Where the Filter step is very much looking at individual Recommendations in a Filter to decide if they go through or not, with the Branch Selector you typically look more on the context only. The branch selector works like a gate, the gate is open or closed so either all recommendations in a branch are allowed through or none of them.
You can input multiple branches into a single Branch Selector. The Branch Selector then allows you setup an expression per branch to determine if the gate is opened or not.
The branch selector doesn’t really look at individual branches. For example, if you have two branches, each with two recommendations. Then connecting the two branches to the branch selector means that after the branch selector you are left with either 0, 2 or 4 recommendations.
Looking back at the example we did for the Filter step, we can replicate this using the Branch Selector by loading the two Recommendations separately and then use the Branch Selector to check on the Case status.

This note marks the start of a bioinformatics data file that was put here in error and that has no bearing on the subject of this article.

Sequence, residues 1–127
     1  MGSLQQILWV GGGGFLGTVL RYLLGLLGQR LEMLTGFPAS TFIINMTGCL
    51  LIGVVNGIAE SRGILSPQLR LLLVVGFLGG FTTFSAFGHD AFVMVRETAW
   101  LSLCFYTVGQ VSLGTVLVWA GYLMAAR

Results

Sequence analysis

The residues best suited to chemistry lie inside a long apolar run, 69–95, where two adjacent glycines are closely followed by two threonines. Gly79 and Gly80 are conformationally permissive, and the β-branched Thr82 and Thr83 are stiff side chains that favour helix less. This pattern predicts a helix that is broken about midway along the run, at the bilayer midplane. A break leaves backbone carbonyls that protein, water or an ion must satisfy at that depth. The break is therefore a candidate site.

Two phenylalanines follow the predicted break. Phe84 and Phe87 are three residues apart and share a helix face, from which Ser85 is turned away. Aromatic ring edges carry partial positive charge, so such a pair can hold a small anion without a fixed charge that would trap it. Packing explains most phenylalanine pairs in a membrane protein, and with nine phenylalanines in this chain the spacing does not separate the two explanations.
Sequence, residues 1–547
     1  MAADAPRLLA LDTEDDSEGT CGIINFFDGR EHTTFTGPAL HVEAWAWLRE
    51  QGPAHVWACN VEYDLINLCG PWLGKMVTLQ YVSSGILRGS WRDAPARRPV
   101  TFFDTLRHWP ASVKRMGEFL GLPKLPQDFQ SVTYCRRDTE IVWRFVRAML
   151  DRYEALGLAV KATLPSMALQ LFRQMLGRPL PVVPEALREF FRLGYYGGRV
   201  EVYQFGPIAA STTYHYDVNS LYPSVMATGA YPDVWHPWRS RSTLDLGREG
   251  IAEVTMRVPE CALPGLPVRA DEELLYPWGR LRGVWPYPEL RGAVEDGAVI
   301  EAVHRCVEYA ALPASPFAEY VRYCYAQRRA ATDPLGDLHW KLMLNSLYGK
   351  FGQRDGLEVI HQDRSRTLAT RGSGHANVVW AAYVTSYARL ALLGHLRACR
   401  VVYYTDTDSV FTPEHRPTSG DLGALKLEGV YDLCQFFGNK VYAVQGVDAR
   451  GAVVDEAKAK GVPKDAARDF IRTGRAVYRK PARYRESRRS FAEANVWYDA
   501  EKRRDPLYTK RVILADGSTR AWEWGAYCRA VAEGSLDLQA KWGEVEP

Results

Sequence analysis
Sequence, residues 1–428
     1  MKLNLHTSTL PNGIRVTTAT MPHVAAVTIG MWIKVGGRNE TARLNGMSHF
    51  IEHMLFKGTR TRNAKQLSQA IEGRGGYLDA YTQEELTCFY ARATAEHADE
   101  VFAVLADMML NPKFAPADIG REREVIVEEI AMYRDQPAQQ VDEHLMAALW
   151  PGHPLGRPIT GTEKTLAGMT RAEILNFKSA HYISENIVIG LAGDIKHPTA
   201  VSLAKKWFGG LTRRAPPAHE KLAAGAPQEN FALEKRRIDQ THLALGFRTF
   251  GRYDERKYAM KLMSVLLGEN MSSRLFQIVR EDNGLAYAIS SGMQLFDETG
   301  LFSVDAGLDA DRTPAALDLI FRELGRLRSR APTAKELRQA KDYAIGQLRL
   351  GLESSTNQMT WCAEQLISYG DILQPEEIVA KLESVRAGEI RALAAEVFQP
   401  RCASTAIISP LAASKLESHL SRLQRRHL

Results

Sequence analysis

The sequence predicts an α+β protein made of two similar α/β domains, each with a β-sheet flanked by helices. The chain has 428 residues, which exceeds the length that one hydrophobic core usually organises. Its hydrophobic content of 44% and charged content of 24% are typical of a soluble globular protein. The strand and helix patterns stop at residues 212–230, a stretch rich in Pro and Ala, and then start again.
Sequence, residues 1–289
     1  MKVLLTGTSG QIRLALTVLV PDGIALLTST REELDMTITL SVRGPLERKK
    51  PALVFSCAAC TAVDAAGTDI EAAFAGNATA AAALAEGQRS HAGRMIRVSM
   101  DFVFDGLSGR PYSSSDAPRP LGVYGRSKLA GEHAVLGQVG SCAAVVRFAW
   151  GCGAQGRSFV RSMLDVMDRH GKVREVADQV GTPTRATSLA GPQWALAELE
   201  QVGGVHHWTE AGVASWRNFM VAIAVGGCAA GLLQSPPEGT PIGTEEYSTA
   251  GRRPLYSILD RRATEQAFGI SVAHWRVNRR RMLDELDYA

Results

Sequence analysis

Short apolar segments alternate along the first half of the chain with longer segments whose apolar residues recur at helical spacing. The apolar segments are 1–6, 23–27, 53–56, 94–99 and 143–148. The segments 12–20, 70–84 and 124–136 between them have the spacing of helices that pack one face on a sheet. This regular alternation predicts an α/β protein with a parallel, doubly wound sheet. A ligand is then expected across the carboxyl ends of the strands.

We first load the first recommendation:
And we create a second Load step for the second recommendation:
We connect the two Load steps to a Branch Selector:
And specify the conditions for the two branch gates on the Branch Selector:
The outcome is exactly the same as with the Filter example, but in the Filter example you need to make changes to the Recommendation object and needed to fill in extra data on the Recommendation. In this example that knowledge is build into the Strategy. Especially with a lot of different type of recommendations and multiple strategies the Filter option might clutter the Recommendation object with a lot of extra custom fields. On the other side if you only have strategy the Filter solution is more clean, especially if Recommendations change over time.